I run a POCT cardiac panel with fairly large CVs. Can I set tighter QC limits on it?

Remember that coefficient of variation (CV) reflects the imprecision or random error of a method. When the method’s error distribution is symmetrical or bell-shaped gaussian, 68% of the observed QC values for a particular control fall within + 1 SD, 95% for + 2 SD, and 99.7% for + 3 SD. This means that depending on the SD rule selected to evaluate the QC results, by definition 32% of QC values will fall outside + 1 SD, 5% outside of  + 2 SD, and 0.3% or 3 values in 1,000 when + 3 SD limits are used. All QC regulations mandate that test sites respond to situations where QC value(s) fall outside established limits. Yet depending on the QC rule(s) used, many of the results outside these limits will be false alarms – signaling a problem when none exists.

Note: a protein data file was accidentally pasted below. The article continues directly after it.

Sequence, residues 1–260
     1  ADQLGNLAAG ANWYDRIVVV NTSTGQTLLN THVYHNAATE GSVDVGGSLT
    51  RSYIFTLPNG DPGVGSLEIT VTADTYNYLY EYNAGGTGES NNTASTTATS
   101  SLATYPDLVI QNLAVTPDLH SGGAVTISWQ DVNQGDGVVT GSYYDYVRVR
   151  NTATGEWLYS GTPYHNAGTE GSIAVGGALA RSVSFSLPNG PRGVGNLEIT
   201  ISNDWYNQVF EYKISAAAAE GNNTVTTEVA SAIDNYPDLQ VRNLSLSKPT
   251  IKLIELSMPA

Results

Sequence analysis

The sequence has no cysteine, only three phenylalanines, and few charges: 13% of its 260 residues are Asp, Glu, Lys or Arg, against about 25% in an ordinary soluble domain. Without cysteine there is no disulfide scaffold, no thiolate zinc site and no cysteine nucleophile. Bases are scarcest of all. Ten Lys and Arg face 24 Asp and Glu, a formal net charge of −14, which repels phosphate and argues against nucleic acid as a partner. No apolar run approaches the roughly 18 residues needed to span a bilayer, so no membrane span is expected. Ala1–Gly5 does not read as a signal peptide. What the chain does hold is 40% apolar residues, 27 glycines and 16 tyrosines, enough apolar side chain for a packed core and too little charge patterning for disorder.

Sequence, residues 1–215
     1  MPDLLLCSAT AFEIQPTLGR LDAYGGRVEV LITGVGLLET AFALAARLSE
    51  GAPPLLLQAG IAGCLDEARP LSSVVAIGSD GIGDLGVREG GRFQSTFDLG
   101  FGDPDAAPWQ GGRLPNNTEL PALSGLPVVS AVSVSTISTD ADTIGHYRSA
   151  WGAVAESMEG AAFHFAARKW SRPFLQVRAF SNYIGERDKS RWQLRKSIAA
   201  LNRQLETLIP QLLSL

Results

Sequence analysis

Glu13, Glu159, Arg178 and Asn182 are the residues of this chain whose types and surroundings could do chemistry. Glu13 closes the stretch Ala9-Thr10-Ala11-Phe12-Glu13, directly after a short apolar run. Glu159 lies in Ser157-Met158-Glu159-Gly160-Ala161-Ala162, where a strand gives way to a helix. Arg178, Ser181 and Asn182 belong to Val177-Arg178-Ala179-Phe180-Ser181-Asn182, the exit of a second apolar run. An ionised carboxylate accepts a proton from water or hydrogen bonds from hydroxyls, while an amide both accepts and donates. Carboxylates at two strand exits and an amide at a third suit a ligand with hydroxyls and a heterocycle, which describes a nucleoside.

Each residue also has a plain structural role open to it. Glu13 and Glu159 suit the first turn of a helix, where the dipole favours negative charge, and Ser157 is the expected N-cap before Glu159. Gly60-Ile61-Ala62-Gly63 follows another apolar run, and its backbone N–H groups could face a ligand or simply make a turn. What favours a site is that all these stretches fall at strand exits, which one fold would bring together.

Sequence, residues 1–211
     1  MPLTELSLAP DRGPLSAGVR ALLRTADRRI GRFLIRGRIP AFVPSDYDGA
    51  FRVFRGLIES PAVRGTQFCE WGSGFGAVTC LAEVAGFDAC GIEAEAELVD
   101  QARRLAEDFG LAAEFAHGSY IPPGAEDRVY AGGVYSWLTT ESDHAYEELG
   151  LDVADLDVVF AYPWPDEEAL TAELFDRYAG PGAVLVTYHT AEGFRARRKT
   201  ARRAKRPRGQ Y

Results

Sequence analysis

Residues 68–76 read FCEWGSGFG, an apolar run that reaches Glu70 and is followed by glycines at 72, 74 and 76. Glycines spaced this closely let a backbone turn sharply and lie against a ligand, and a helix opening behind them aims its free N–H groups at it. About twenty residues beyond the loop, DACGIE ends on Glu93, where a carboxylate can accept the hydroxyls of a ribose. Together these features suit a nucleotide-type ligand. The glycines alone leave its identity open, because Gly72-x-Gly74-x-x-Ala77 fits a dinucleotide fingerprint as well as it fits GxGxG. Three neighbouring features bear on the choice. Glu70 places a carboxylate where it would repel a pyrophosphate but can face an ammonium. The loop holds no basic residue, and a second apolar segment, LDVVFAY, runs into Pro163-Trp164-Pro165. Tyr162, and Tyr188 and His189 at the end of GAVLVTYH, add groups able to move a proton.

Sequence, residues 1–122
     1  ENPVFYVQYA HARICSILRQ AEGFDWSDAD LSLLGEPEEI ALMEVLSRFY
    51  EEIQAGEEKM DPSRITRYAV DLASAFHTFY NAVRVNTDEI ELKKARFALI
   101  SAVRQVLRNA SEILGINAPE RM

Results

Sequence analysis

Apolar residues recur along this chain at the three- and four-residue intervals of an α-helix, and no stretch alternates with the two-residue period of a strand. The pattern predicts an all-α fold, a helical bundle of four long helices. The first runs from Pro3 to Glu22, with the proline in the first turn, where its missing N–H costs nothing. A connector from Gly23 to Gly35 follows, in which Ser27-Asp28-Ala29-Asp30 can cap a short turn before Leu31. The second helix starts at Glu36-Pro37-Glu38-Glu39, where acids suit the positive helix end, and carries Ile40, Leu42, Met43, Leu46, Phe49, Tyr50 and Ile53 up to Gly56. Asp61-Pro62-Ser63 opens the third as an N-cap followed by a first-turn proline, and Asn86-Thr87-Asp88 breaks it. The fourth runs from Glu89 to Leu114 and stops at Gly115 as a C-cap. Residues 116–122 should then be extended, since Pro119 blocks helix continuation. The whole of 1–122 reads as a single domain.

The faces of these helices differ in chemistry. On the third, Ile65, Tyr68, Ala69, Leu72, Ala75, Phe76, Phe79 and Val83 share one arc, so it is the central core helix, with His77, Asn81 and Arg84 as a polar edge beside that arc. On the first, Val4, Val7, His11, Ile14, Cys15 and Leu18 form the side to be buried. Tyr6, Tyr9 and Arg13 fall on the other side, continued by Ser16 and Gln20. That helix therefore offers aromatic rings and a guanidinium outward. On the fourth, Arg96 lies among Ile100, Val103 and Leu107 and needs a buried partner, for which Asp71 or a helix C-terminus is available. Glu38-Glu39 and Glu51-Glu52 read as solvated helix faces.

By setting “tighter” limits, more QC values will fall outside that limit and each out-of-control result requires investigation.  In reality, when a test site determines the CVs are too large for a methodology to deliver medical useful information, another (accurate) method with less random error should be selected and then the right QC rule(s) applied based on quality goals and method performance to minimize false rejection.

end faq

{accordionfaq faqid=accordion22691 graybarfaq arrow headerbackground headerborder contentbackground contentborder round5}